What Kate did next: the Duchess of Cambridge turns 30
By Helen Livingstone Jan 7, 2012, 2:06 GMT
London - When the Duchess of Cambridge, wife of Britain's Prince William, this week announced which charities she was to support, their reaction said it all - there is no more popular patron to have right now.
'The key words are high profile, this draws attention to the causes of addiction and helps to raise the charity's profile,' said Nick Barton, head of Action on Addiction. His is one of the charities chosen by the former Kate Middleton, who turns 30 on Monday.
'In pure charity marketing terms it does not really get any bigger or better right now in terms of a celebrity endorsement,' said Alan Cole of charity news website Xperedon.
While 'celebrity' status is perhaps not what the duchess is seeking, since her marriage to Prince William in April she has been credited with helping to turn round the British royal family's profile.
Ten years ago, Britain's monarchy was still suffering the aftermath of the death of Princess Diana - by far the most popular royal - with its conspiracy theories surrounding Prince Philip's involvement, while the public overwhelmingly seemed to reject Prince Charles as heir to the throne.
Since then, the British have largely forgotten their dislike of Charles' wife Camilla, Duchess of Cornwall, with whom Charles had an affair while still married to Diana.
Prince Harry, now a 27-year-old army officer, has moved on from the scandal of his appearance at a fancy dress party in 2005 wearing a Nazi swastika and the 2009 row over his calling a colleague 'our little Paki friend.'
Kate, the daughter of self-made millionaire entrepreneurs and who met William while they were both studying at St Andrews university in Scotland, has played a key role in moulding the royals' image to one widely perceived as more 21st century - approachable, down-to-earth and caring.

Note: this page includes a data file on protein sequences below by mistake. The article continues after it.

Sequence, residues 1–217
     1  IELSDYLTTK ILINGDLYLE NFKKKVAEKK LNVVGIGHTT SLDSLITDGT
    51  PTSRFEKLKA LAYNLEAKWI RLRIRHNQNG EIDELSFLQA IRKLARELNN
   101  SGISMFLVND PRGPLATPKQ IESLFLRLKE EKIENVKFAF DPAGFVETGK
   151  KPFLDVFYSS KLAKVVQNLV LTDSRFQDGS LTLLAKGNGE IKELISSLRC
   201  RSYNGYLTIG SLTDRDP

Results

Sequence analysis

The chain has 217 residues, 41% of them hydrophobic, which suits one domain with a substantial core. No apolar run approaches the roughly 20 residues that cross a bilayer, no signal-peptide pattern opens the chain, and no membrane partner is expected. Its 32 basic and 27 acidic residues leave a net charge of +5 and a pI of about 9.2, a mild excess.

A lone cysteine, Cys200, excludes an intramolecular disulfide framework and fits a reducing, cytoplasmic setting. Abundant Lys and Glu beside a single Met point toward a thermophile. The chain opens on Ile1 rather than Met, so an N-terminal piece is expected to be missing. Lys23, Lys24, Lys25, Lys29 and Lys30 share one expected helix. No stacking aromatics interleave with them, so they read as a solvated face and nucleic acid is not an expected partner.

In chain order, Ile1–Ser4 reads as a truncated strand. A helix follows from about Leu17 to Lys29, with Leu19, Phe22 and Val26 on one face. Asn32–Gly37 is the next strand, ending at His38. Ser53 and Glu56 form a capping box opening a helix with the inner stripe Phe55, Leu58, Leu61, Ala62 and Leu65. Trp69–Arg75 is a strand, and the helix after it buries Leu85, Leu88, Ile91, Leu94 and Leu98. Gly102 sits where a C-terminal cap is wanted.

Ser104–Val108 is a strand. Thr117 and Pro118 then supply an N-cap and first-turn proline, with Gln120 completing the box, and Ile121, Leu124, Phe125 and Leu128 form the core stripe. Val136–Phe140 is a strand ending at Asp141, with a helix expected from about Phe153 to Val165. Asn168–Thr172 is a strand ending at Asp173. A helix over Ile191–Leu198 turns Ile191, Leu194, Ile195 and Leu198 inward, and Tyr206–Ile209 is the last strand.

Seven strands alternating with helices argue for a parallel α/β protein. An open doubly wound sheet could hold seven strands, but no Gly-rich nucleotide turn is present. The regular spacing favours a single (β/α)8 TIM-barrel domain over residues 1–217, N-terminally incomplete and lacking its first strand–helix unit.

'We met the duchess at a recent private visit to the Milton hospice and she was really interested in our story and experiences with Each,' said Grant Clemence, who was supported by the children's charity Each, one of those chosen by the duchess, when his baby daughter died last May.
This year will see another opportunity for the royals to shine, with London hosting the Olympics, for which Kate, William and Harry are ambassadors, and Queen Elizabeth II celebrating her diamond jubilee in June.
While the queen will float down the Thames on a boat, with a predicted million onlookers lining the banks, the younger royals are set to tour the Commonwealth - former British colonies.
Kate and William are to visit Malaysia, Singapore, the Solomon Islands and Tuvalu. It seems likely they will repeat the success of their first official visit as a married couple to Canada and the United States last summer - more than 1,300 journalists from around the world were accredited to cover that event.
Perhaps more than anything else, the public will be paying attention to the duchess' envied wardrobe - 'Kate the Great' was the first British royal to make it on to society magazine Vanity Fair's Best-Dressed List, helped on her way by her 'particularly fetching travel attire.'
'The royal family are on a roll, if anything so undignified can be conceived,' wrote Stephen Bates in the Guardian daily in December as he summarized the monarchy's year.
The only thing that could crown the new royal couple's first year of marriage would be the much anticipated pitter patter of tiny feet.